Sunday, February 26, 2006

COLUMN: Olympics

Ahh, it's that rare time again -- when the entire country becomes transfixed by the thrill of human competition. Night after night, we sit in front of the television to watch it all unfurl. We listen to the human interest stories with heavy hearts. We pick our favorites (and hope that they're not brought down by scandal.) We revel in their victories; we cringe at their defeats. We boo the judges. In the end, there will be heroes and there will be forgotten faces. There will be tears of joy, and there will be tears of those who succumb to the pressures of knowing that the entire country is watching their shining moment.

But enough about the new season of "American Idol." I'd rather talk about these Winter Olympics going on in Torino. More specifically, why -- for the first time that I can remember -- I couldn't care less about 'em.

Usually I find myself glued to the tube every four years. To me, the Winter Games are WAY more exciting than the summer ones. It's the same reason I find myself drawn to NASCAR races -- in the Winter Games, the agony of defeat can be downright dangerous. The way I see it, if you're crazy enough to strap a piece of wood on your feet and go whipping down a mountain at 50 mph, you deserve to be watched. But this year it's different.

It has nothing to do with the fact that Team USA is underperforming this Olympics. Call me unpatriotic if you will, but if we're not going to win, there's nothing wrong with rooting for the underdog. You've got to admit, our nation usually has a heck of an advantage at the Olympics. We've got the money and training facilities to develop some seriously great talent. But how should that stack up against poor Thirdworldistan, one of the random countries to walk in a delegation of, say, 4 to the Olympics? A country whose entire training budget consists of a pair of Nikes, a stopwatch, and a guy to yell "Go!" (Or, in Thirdworldistani, "Geflugenscheide!")

No, this year it's different. The internet has ruined the Olympics.

Fifteen years ago, I couldn't have cared less about what happened around the world. Nowadays, I feel like a complete and total isolationist if I don't have round-the-clock access to CNN.com. It's as though my life would stop without the security of knowing Paris Hilton's whereabouts 24-7. Donne was right -- no man IS an island -- provided, of course, he has broadband access to Myspace.com. The internet OWNS me.

And thanks to the time difference, the internet also owns complete Olympic coverage, some 6-8 hours before we see it on NBC's nightly telecast. I've tried and tried to avoid seeing event results, but it's challenging when Yahoo! sticks it in big print on their main page. In short, the internet has become a huge Olympic spoilsport.

Case in point: I'm writing this Tuesday night. I just hopped onto the internet to confirm that Donne wrote the "no man is an island" line above (I'm really not that smart, people.) On that quest alone, I now inadvertently know who won the ladies figure skating short program that's airing later tonight. This just stinks.

What's the fun in listening to Scott Hamilton's over-the-top whisper-scream commentaries now? "This is simply a beautiful performance, provided of course that he sticks THIS TRIPLE TOE LOOOOOOOP...!" It just loses something if you know the skater in question is five seconds away from a faceplant on the ice.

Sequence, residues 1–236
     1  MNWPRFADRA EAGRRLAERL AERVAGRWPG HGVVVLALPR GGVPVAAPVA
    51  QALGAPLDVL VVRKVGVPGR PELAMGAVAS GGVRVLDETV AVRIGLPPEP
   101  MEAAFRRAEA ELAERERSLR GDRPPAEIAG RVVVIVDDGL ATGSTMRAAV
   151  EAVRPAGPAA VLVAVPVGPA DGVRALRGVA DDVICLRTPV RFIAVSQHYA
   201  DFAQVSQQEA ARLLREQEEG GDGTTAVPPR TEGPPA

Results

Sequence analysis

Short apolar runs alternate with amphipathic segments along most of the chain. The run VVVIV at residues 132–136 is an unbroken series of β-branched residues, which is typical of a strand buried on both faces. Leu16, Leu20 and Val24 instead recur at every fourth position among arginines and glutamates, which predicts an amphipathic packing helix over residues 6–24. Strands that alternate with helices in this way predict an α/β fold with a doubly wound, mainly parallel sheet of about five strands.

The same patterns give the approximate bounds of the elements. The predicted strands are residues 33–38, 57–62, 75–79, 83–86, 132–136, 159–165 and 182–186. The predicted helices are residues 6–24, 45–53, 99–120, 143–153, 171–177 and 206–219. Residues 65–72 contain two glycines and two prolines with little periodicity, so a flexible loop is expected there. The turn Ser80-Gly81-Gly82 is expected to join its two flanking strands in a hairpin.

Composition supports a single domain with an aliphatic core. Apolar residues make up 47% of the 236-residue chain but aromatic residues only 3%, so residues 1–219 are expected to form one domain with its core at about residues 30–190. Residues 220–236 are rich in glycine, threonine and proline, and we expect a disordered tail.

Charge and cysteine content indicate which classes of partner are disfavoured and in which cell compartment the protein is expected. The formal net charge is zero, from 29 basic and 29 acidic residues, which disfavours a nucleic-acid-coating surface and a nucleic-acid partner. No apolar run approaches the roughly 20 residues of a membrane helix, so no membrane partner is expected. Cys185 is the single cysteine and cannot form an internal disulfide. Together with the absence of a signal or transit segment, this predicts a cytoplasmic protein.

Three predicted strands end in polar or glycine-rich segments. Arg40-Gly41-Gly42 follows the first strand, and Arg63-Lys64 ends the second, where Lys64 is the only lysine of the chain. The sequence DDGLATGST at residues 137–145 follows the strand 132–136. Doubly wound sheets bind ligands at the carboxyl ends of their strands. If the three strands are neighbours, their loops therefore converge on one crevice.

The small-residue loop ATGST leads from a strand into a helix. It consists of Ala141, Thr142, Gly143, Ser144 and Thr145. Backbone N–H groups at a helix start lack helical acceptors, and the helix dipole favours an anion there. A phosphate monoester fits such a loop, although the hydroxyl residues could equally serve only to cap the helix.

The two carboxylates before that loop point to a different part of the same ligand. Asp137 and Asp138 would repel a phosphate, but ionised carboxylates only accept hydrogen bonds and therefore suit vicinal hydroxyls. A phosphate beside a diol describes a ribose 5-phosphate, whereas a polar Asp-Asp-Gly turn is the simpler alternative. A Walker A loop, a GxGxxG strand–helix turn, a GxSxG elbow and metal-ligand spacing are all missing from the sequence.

About the only thing that the internet DIDN'T ruin were the Opening Ceremonies. That's because Italy ruined them for us instead. What some are calling "breathtaking" and "majestic", I'm referring to as "psychedelic monstrosity." Silly me, I thought Italy was just about spaghetti, scooters, and mind-blowingly bad techno music. But between the disturbing masks, the creepy face-balloons, and the Ferrari whipping donuts on center stage, Italy reminded us that they're also about a wide array of tackiness. It was like watching something Fellini hacked up after one too many hallucinogens. Really, all it needed was an inflatable pig and a Pink Floyd jam session to fully set the mood.

But the point remains: thanks mostly to the internet, I officially don't care about the Olympics this time around. There's an easy answer around this problem, though. From now on, we simply need to hold all future Winter Olympiads somewhere in the Central Time Zone. In fact, I suggest Barstow. It'd at least give us something to worry about other than the impending pork plant, and with any luck we'll temporarily stop running pictures of pig carcasses on our front cover. The 2010 Barstow Games might be a bit stinky, but hey, I'd at least watch.

5 comments:

JohnC Anderson said...

Speaking of the impending pig plant, I'll be happy to see them park it in Barstow---

Barstow, California, that is.

JohnC Anderson said...

Incidentally, they are hosting a pig plant discussion in Silvis, at Porkies of all places and as a citizen of Silvis* I'd like to invite you to attend it, Shane. I believe it's on March 19th.


*I don't particularly like Silvis and when I mentioned this to a friend of mine at a local library and he asked me then why do you stay there I said, "cause the rent's cheap, the women are cheap, the beer's cheap and I'm cheap.

JohnC Anderson said...

There is an Olympics, a Special Olympics and a Senior Olympics.

Maybe out in Silvis, the home of Hero Street and some of my good Hispanic friends they could have a Senor Olympics.

But the Senoras and Senoritas might raise a fuss about it, so maybe we better scratch that idea and move on to another.

-shane- said...

They're SERIOUSLY having this meeting at PORKIE'S?!?!

That's FANTASTIC.

That right there. THAT is the Quad Cities in a nutshell.

JohnC Anderson said...

Yep, that am us'uns!!!